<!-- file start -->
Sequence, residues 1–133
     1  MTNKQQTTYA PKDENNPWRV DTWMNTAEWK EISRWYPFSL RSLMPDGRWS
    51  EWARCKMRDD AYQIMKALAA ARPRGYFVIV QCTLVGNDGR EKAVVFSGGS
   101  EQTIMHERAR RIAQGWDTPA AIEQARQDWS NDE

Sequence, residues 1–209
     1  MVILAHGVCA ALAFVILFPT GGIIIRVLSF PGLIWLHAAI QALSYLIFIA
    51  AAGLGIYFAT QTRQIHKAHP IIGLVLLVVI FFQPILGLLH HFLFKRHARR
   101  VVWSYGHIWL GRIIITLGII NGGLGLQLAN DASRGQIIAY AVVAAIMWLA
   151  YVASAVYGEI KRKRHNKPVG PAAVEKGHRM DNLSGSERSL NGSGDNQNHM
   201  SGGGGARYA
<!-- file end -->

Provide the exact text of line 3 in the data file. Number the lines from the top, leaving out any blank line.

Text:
    51  EWARCKMRDD AYQIMKALAA ARPRGYFVIV QCTLVGNDGR EKAVVFSGGS